I recommend giving your students a list of pre-approved audiobooks to choose from for the assigned audiobook time. Audible is offering free audiobooks for kids as long as schools are closed, and many audiobooks can also be found for free through public libraries using Hoopla and/or Overdrive/Libby. Below are my personal recommendations by age bracket based on what is available digitally for free through one or more of those three sources. (Scribd has even more audiobooks, and they have a 30-day free trial; check out The Hobbit, The Lord of Rings, and other books by J. R. R. Tolkien there!)
There are so many great and good books that are not on these lists, but it’s a start! Also, many students would benefit from reading books both below and above their age bracket; these are fluid categories.
Preschool and up:
- Winnie the Pooh and other A. A. Milne books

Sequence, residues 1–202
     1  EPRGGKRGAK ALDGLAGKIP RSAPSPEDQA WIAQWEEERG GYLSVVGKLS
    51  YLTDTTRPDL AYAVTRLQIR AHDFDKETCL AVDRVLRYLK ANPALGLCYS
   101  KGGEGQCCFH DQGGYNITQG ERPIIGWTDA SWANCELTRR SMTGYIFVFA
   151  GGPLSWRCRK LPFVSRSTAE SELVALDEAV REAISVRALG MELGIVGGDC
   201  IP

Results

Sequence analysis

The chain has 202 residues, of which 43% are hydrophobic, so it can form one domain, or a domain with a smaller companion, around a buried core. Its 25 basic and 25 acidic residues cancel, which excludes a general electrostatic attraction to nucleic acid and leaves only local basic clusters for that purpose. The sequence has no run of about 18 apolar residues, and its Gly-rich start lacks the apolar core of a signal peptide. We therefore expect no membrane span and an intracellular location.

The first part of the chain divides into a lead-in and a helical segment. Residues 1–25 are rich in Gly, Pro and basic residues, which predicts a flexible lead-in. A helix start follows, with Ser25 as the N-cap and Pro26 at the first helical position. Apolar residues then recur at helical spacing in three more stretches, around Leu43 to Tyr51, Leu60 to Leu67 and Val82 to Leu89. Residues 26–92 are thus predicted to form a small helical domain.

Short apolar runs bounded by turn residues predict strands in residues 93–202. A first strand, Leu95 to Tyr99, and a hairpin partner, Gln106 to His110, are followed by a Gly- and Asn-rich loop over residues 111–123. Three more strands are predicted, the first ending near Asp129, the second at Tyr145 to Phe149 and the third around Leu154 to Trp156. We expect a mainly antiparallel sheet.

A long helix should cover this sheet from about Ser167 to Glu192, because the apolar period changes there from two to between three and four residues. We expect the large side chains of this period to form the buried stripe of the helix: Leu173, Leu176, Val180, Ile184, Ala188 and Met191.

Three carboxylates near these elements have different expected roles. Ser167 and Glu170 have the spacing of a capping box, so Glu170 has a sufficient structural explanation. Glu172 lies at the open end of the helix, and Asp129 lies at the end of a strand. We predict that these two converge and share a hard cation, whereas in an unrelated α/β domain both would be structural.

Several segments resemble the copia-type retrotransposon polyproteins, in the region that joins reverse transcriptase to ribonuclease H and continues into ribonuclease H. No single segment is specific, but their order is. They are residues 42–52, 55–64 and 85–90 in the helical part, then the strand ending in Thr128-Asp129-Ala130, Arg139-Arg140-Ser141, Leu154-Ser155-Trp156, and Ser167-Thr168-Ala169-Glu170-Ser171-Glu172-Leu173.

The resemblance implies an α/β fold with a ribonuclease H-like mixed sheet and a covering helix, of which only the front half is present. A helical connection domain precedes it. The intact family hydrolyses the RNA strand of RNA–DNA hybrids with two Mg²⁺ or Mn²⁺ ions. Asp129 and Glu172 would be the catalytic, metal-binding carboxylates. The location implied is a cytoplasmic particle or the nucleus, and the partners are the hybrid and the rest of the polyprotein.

- Beatrix Potter stories
- Edward Lear poems
- Dr. Seuss books
- Stone Soup
- Aesop fables
- Hans Christian Anderson fairy tales
- The Boy Who Drew Cats
- Arnold Lobel books
- Thornton Burgess stories and books
- Other folk tales and fairy tales
Elementary and up:
- The Birchbark House and The Game of Silence by Louise Erdrich
- Charlotte’s Web (via Overdrive/Libby)
- Trumpet of the Swan (via Overdrive/Libby)
- Stuart Little (via Overdrive/Libby)
- Penderwicks series (via Overdrive/Libby)
- Pippi Longstocking (via Overdrive/Libby)
- Narnia series by C. S. Lewis
- The Princess and the Goblin and other children’s books and fairy tales (e.g. The Wise Woman) by George MacDonald
- Little House books by Laura Ingalls Wilder
- Jules Verne books
- Anne of Green Gables books
- Lewis Carroll books
- The Children’s Homer
- Robin Hood
- Rebecca of Sunnybrook Farm
- The Swiss Family Robinson
- The Secret Garden
- The Little Princess
- The Wind in the Willow
- Misty of Chincoteague
- James Herriot’s Treasury for Children and other animal stories
- Black Beauty
- King Arthur and his Knights by Howard Pyle
- The Little Duke
- Edward Lear poems
- Fairy Tales and Folks Tales (They’re for all ages!)